Either way, this sounds like a joke from 30 Rock :)
Although I honestly expect that given NBC's interest here they would be willing to have their webpage completely come down, while they fixed the infringement if they thought that it would illustrate to everyone how infringement should be handled.
I think this is much ado about nothing given that it's just about the infringement and not so much about the enforcement.
> This kind of casual copyright infringement, with no malicious intent, is exactly the kind of thing that SOPA was after.
I really dislike posts like this that go all sanctimonious and apologetic when no one is making the outlandish attacks that you claim they are making
Sony PR was unable to clear all copyrights for pictures they had used in a exhibition about the past of the building. And publicly admitted it.
Can we please stop using the terms "stealing" and "theft" to refer to copyright infringement?
steal [steel] ,verb, stole, sto·len, steal·ing, noun
verb (used with object)
1. to take (the property of another or others) without permission or right, especially secretly or by force: A pickpocket stole his watch.
2. to appropriate (ideas, credit, words, etc.) without right or acknowledgment.
May I also suggest you look up the term 'colloquial.' This isn't a court room.
Infringement on someone's property is more like trespassing than deprivation of a good.
But funnily enough, in this case it may actually be "copyright theft", which in 95% of the cases gets misused when meaning copyright infringement. Copyright theft actually means taking someone's work, and saying it's your work. And this is what NBC seems to have done.
>Infringement on someone's property
You mean "2. to appropriate (ideas, credit, words, etc.) without right or acknowledgment."
My god that's stealing!
>Copyright theft actually means taking someone's work, and saying it's your work
Since you're trying so hard to be pedantic, that would be plagiarism (act) and copyright infringement (legally). On the street, that is referred to as theft.
BTW, did you know you can steal water from the ocean?
I sincerely doubt that nothing would change in a discussion after an explanation like that one. Maybe if the discussion was already restricted to lawyers, nothing would change.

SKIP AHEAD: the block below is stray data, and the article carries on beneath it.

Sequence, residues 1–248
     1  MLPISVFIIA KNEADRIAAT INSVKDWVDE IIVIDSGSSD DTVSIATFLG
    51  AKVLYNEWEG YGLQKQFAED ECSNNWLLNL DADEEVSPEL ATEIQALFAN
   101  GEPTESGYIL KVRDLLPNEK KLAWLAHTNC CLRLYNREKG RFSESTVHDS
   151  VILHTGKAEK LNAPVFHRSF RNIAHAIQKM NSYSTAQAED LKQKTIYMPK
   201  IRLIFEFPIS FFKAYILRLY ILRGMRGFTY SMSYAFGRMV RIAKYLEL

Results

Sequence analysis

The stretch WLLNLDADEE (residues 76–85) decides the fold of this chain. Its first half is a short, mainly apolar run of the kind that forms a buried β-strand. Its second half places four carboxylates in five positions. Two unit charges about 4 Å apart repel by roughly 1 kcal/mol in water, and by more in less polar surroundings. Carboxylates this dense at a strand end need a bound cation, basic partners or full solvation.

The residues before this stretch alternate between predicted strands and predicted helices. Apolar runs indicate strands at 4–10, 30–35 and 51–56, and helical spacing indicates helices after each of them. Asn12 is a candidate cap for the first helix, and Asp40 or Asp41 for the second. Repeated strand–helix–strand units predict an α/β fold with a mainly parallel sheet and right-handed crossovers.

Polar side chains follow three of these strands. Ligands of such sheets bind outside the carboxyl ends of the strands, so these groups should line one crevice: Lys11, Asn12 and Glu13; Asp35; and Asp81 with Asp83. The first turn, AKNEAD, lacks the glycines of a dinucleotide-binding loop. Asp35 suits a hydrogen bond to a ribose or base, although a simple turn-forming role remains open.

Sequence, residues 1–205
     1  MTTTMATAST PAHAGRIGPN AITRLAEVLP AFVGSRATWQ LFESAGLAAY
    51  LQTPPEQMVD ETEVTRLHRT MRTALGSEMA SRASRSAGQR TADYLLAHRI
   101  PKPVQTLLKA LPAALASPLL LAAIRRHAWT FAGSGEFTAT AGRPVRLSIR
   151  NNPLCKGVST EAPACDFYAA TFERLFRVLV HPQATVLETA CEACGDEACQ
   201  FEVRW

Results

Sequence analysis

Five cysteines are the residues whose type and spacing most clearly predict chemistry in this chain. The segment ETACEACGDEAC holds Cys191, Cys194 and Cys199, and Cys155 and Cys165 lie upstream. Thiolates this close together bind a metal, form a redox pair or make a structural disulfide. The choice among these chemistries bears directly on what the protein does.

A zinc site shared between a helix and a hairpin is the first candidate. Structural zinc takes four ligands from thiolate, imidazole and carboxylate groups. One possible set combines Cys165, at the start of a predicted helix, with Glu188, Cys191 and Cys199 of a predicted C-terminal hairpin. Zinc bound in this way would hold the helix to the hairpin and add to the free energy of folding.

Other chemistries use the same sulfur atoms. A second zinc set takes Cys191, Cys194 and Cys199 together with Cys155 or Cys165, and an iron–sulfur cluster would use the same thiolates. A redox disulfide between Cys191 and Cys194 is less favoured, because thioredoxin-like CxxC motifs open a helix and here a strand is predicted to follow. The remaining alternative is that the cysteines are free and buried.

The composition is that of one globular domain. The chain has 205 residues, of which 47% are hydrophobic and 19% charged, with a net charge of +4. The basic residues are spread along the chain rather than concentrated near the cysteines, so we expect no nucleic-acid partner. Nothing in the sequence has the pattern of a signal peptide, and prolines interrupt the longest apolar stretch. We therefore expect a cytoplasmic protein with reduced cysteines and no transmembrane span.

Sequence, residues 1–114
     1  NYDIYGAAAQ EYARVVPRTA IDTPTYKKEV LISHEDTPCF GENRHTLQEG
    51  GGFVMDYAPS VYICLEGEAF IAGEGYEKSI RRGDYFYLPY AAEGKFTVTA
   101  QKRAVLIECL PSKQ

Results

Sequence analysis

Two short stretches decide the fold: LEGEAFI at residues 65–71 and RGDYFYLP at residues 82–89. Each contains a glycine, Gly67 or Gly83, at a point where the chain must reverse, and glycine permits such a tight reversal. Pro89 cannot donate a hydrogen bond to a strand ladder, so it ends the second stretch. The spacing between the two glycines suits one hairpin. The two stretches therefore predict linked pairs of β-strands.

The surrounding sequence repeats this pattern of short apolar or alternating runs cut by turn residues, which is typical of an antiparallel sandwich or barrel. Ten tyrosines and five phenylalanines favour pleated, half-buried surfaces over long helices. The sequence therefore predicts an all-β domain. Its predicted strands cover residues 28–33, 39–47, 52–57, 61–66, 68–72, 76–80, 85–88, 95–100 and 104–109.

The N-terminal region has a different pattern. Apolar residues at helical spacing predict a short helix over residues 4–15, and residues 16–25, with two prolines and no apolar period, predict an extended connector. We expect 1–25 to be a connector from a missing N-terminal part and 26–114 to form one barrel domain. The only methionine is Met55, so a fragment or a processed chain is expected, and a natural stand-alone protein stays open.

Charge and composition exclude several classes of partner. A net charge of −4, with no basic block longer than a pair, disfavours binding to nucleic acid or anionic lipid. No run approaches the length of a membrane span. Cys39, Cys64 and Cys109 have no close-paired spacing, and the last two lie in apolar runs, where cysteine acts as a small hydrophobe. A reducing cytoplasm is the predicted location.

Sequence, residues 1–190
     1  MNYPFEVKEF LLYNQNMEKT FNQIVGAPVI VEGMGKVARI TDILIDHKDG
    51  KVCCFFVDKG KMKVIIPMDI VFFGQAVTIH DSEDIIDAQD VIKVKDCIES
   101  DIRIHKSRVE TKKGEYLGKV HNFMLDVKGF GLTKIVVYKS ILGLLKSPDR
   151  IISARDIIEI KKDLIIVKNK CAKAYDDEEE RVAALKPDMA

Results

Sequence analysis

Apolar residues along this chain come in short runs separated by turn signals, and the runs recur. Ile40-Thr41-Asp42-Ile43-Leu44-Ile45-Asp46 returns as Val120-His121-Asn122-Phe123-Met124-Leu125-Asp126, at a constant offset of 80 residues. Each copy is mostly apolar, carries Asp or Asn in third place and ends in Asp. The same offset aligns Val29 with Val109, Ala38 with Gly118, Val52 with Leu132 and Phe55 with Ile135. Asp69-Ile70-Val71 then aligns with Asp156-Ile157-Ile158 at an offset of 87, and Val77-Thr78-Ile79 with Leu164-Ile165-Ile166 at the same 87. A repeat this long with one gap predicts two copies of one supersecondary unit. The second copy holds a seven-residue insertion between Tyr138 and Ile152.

So if NBC was claiming they owned the Apple artwork, its stealing because that ownership (if uncontested) allows them to collect royalties, etc.
(at least in the UK, I understand the same happened in the US)
I'm surprised. When the issue of auto-theft came up (many years ago) the ruling was very different. Legally speaking if you took a car for a spin and dumped it (back with the owner, or whatever) this was technically not theft - as there was no intent to permanently deprive the owner of the car.
I'm pretty sure they ruled it was still considered theft - off the back of similar legislation changes in the UK.
- The law wasn't really reconsidered to deal with copyright infringement. It was changed to deal with situations where you broke into a computer and took copies of data (interesting to note that this was not actually a new issue at the time; if you broke into someone's office and took photos of data they couldn't charge you with theft - the reason it was changed this time I am not sure on, probably just the prevailing mood).
- Quite how much the extent of information loss on a public thing like an image (for which you have to undertake no infiltration or transformative process to recover) applies is largely untested, because this stuff is broadly dealt with under copyright infringement
- The extent to which money - both loss of, and the making of (by the infringer) - comes into it is undetermined.
- This is not a new change. It happened years ago (as in at least the 90's, perhaps before).
The real bottom line is that much of our laws are inadequate in dealing with the internet. :)
But; "theft" is no longer defined, in the UK at least, as the GP indicated.
We always complain about the fact that laws don't keep up with the modern world. So why insist that the definition of theft stays in the dark ages? :)
The analogy you bring up is more akin to vandalism in my mind. Theft, in the modern sense, means taking something that isn't yours.
(I'm not necessarily agreeing with the theory that this is theft; just putting out a data point I happen to know of)
This is a tough topic because the word steal does have a valid semantic meaning in this context, and anyone who argues with common use of language always comes off as pedantic ('what is an iTouch? It's an iPod Touch!!!'), but its important for those of us who understand how digital media works continue to continue emphasizing the real world differences between theft and copyright infringement.